Flash Off - Wide Angle (22.5mm)

Flash On - Wide Angle (22.5mm)

ISO 64 ISO 64

Flash Off - Telephoto (675mm)

Flash On - Telephoto (675mm)

ISO 64 ISO 64

The camera doesn't suffer from giving red-eye arguably because the flash is positioned so high it offsets the light reflecting from the retina; which is what causes red-eye in the first place.

Flash On

Flash On (100% Crop)
flash_on.jpg flash_on1.jpg

Red Eye Reduction

Red Eye Reduction (100% Crop)

flash_redeye.jpg flash_redeye1.jpg


The L820 has a night shot mode in the scenes menu. It's recognised by a picture of a building with a moon over it. Choosing this option will flag up two settings: Hand-held and Tripod. Which option you choose will determine how the camera handles the scene. If you choose the Hand-held mode, it will choose a faster shutter speed and high ISO to obviate camera shake. Choosing the Tripod setting will select a slower shutter speed with a low ISO to get smooth picture results. With the strong orange street lights, the white-balance didn't quite manage to get it right, but it's not far off. In auto mode, we got to select a low ISO manually and we also got to change the white-balance. We used the preset manual setting and got a more aesthetically balanced colour, although it wasn't true to the actual scene.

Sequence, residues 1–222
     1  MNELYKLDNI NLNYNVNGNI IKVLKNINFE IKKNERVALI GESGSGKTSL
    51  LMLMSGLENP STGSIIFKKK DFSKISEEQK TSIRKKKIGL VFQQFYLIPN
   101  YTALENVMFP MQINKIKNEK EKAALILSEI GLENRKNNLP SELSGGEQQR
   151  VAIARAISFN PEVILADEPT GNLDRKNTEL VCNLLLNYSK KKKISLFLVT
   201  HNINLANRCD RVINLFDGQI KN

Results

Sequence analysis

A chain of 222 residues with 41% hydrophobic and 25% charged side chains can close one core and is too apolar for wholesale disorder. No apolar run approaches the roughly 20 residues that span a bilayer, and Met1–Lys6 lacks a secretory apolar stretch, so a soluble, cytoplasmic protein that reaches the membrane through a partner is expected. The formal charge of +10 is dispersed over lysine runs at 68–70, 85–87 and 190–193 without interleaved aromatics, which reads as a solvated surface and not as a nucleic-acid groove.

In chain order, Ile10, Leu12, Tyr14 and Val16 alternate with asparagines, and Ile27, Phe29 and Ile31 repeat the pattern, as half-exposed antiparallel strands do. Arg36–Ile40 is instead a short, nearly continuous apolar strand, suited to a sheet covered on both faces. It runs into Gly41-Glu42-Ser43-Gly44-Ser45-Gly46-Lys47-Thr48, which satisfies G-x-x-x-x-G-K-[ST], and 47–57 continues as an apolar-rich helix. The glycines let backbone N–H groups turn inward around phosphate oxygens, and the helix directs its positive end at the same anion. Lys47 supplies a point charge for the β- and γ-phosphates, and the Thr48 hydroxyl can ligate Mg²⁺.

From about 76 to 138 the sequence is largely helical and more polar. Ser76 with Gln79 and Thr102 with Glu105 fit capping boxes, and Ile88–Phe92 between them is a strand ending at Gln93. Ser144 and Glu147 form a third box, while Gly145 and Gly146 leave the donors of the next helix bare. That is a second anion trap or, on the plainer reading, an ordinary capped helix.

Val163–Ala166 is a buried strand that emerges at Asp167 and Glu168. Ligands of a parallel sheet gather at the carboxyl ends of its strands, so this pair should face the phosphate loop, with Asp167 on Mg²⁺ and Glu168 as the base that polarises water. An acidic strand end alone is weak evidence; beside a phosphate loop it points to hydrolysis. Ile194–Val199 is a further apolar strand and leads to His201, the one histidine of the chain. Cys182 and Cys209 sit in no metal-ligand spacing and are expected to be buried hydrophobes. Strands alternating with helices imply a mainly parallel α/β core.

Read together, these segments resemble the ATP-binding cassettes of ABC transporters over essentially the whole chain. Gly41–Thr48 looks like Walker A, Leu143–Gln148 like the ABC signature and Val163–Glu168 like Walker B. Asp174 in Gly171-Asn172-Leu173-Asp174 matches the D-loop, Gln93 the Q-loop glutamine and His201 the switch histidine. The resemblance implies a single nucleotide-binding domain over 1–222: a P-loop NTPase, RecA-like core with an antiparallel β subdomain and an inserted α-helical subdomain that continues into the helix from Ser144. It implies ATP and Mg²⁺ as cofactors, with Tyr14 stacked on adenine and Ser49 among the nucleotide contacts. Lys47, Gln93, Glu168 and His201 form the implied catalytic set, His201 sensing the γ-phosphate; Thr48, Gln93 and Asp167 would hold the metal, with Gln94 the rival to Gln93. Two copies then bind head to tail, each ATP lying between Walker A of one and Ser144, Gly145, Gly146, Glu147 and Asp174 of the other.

Night Auto

Night Auto (100% Crop)

night_auto.jpg night_auto1.jpg

Night Scene

Night Scene (100% Crop)

night_scene.jpg night_scene1.jpg

Sample Images

This is a selection of sample images from the Nikon Coolpix L820 camera, which were all taken using the 16 megapixel Fine JPEG setting. The thumbnails below link to the full-sized versions, which have not been altered in any way.

Sample Movie & Video

This is a sample movie at the highest quality setting of 1920x1080 pixels at 30 frames per second. Please note that this 38 second movie is 73.2Mb in size.

Product Images

Nikon Coolpix L820

Front of the Nikon Coolpix L820

Nikon Coolpix L820

Pop-up Flash

Nikon Coolpix L820

Side of the Nikon Coolpix L820

Nikon Coolpix L820

Side of the Nikon Coolpix L820

Nikon Coolpix L820

Side of the Nikon Coolpix L820

Nikon Coolpix L820

Rear of the Nikon Coolpix L820

Nikon Coolpix L820

Rear of the Nikon Coolpix L820 / Image Displayed

Nikon Coolpix L820

Rear of the Nikon Coolpix L820 / Turned On

Nikon Coolpix L820